Prior to the pandemic, patient visits to healthcare professionals (HCP) were done largely one way—in person. Then COVID-19 hit and both patients and clinicians quickly pivoted to the new form of healthcare using virtual means. Confusion dictated the first few months, with questions such as: How severe is the illness? Does it require physician attention or a visit to the office? Is another option available? Will insurance cover the appointment and require a copay? What is a virtual visit? We all know that reliance on virtual means has become the norm. In medicine, it is here and not going away any time soon.
What Do HCPs Think About Telehealth?
Healio Strategic Solutions first tapped the healthcare audience with a survey at the start of the shut down and has followed up several times since. Our latest survey, Telehealth Check In, yielded 758 responses from Healio subscribers across 19 medical specialties in the three weeks it was open in late March 2021. All recipients were U.S. healthcare practitioners (Physicians, Residents, Nurse Practitioners, Physician Assistants) who actively practice medicine. The response rate was on par to our previous surveys.
In general, 67% of HCP responders reported being comfortable or extremely comfortable conducting virtual patient telehealth visits. Compared to office visits in the pre-pandemic period, 40% noted they are as busy as before and that the use of telehealth takes less of their time (33%) as compared to 27% who noted telehealth takes more of their time. Because of the pandemic and increased use of telehealth, 51% of respondents see fewer patients seeking care and 48% note a decline in revenue and work longer hours. Given the increased workload, they do not rely on their office staff more than before, and the impact of having fewer patients does not translate to working less.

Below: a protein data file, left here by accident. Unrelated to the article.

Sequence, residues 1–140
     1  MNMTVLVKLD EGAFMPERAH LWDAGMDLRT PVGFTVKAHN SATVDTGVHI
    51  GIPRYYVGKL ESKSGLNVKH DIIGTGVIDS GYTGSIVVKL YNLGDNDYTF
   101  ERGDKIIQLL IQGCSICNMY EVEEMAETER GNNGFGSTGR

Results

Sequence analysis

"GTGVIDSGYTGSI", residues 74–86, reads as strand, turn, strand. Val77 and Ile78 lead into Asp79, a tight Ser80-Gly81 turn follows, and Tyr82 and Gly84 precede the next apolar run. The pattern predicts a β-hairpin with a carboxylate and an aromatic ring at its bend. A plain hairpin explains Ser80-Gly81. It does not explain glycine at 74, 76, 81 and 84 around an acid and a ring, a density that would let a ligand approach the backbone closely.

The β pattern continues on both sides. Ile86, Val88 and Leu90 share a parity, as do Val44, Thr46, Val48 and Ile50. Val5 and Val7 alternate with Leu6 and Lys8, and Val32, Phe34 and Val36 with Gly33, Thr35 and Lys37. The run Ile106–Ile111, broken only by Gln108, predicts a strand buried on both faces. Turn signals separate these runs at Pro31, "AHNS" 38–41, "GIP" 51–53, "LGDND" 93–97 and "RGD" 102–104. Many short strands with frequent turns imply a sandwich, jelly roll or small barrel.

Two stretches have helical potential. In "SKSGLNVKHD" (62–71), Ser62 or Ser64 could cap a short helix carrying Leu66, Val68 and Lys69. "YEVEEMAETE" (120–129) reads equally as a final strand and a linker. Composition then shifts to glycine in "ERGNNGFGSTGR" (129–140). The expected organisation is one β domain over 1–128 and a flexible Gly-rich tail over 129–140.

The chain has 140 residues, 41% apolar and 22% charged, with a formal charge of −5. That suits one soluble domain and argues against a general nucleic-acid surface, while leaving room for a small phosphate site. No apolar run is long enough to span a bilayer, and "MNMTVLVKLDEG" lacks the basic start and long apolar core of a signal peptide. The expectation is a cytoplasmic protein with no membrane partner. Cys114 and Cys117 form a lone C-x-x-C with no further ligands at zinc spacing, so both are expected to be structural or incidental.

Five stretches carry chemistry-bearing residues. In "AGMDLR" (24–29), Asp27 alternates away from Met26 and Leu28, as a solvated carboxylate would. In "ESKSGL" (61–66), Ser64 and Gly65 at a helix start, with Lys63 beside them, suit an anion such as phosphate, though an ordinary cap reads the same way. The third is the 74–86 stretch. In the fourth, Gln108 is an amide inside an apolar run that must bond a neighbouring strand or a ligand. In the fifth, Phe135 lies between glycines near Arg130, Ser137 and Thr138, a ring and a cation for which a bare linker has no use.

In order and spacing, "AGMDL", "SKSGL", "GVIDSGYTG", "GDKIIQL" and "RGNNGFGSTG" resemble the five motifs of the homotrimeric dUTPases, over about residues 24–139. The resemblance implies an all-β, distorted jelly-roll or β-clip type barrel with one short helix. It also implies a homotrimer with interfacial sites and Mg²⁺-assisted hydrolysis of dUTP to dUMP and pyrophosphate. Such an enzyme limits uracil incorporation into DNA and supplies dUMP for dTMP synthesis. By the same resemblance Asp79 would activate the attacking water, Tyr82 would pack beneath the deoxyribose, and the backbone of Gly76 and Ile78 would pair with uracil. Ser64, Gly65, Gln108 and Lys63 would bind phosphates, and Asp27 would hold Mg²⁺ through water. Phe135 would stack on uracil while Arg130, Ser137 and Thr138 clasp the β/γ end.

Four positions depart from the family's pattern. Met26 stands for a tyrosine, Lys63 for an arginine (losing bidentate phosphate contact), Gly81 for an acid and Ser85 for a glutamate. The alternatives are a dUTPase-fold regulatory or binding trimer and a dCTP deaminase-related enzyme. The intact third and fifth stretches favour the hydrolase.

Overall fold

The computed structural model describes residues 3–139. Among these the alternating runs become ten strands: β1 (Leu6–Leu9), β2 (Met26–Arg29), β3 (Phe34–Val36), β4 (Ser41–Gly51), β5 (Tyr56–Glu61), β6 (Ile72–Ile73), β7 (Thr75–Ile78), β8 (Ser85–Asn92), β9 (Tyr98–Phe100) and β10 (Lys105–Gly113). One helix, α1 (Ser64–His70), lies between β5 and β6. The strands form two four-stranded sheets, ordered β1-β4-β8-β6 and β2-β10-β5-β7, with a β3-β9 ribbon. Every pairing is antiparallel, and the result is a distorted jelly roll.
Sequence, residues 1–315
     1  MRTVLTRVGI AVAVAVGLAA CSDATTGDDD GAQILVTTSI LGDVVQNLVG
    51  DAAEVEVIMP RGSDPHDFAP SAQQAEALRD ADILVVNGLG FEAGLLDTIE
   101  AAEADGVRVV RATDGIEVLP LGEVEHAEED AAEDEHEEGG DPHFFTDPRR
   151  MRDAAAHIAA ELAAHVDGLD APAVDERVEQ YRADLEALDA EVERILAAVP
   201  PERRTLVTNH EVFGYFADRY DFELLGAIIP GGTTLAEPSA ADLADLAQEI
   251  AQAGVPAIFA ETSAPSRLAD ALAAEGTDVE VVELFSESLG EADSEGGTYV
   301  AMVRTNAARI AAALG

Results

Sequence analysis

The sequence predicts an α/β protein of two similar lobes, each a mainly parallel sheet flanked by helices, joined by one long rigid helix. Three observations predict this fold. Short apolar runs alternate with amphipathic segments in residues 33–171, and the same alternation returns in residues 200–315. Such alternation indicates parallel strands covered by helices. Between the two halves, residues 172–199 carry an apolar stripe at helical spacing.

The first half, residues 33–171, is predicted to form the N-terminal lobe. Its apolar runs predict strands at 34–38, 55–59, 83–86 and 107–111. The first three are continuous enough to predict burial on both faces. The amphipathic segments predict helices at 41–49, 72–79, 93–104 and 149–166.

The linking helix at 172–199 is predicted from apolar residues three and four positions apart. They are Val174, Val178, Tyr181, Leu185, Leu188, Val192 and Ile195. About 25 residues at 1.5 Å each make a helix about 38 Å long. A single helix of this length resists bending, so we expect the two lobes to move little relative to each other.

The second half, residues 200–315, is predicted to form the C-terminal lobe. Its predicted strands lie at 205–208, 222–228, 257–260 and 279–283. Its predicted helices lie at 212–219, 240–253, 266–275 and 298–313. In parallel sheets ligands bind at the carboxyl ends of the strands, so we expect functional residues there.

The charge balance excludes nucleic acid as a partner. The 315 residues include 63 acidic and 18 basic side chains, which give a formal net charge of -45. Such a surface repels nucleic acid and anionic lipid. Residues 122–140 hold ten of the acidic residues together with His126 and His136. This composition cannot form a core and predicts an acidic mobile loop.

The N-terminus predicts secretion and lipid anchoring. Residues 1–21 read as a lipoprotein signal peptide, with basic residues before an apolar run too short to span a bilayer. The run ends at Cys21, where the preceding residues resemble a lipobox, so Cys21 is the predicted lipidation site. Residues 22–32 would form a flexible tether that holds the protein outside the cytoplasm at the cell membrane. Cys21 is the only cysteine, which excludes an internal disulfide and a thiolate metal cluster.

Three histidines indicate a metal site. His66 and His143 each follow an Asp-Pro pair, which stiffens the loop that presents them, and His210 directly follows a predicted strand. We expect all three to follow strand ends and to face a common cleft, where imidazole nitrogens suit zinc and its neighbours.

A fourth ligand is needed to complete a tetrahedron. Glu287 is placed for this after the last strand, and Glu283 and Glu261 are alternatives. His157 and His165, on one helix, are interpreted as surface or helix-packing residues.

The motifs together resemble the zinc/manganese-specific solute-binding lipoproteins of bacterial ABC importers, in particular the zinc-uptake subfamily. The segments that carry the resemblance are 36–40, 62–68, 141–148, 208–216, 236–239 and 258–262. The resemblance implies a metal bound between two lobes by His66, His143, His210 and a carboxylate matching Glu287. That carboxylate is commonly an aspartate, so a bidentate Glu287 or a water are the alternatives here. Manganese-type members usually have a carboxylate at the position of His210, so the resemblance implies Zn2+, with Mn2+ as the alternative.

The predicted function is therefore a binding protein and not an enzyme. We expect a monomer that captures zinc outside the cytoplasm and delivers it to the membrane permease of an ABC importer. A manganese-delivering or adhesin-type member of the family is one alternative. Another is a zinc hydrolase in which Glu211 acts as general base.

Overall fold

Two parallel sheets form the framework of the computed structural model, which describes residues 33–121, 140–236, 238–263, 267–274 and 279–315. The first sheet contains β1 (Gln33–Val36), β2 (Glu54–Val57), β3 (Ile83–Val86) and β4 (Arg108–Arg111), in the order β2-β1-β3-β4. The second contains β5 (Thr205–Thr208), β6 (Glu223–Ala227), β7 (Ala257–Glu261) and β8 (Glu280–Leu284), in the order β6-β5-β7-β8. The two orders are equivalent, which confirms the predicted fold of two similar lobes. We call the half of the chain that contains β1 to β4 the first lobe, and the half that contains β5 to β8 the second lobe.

They report that telehealth with the use of a web camera is a better modality compared to phone calls alone (81% versus 13%), and 89% said that telehealth should and could be used for any patient regardless of age. The most impactful advantage of using telehealth is that it corresponds to less cancellations in office visits that often occur when live appointments are scheduled (Figure 1).
But HCPs noted several other advantages and disadvantages with the use of telehealth during the pandemic (Figure 2). Their responses fall within two categories: 1) the ability to provide patient care, along with the quality and timing of that care, and 2) patient-centric related reasons. Although 63% of HCPs believe that the use of telehealth will continue in tandem with in-person visits, 18% believe it will continue to be used as much as it is now as a replacement for in-person visits, and 14% believe telehealth will be steadily phased out once the pandemic is over.
Clinicians strongly believe in the continued value of the physical examination which cannot be provided virtually. Many voiced vehement opposition to the continued use of virtual visits with most noting that the quality of care is diminished. The type of medical practice also dictates clinicians’ use of telehealth in medicine. For example, psychiatrists were more likely to continue the use of telehealth with a camera, while other specialties are not conducive to this modality.
Love it or hate it, telehealth is here to stay in some capacity. What is the happy medium? How much might robotics and drones carve a place in the delivery of care? The landscape is changing rapidly, and clinicians and patients alike will have to adapt.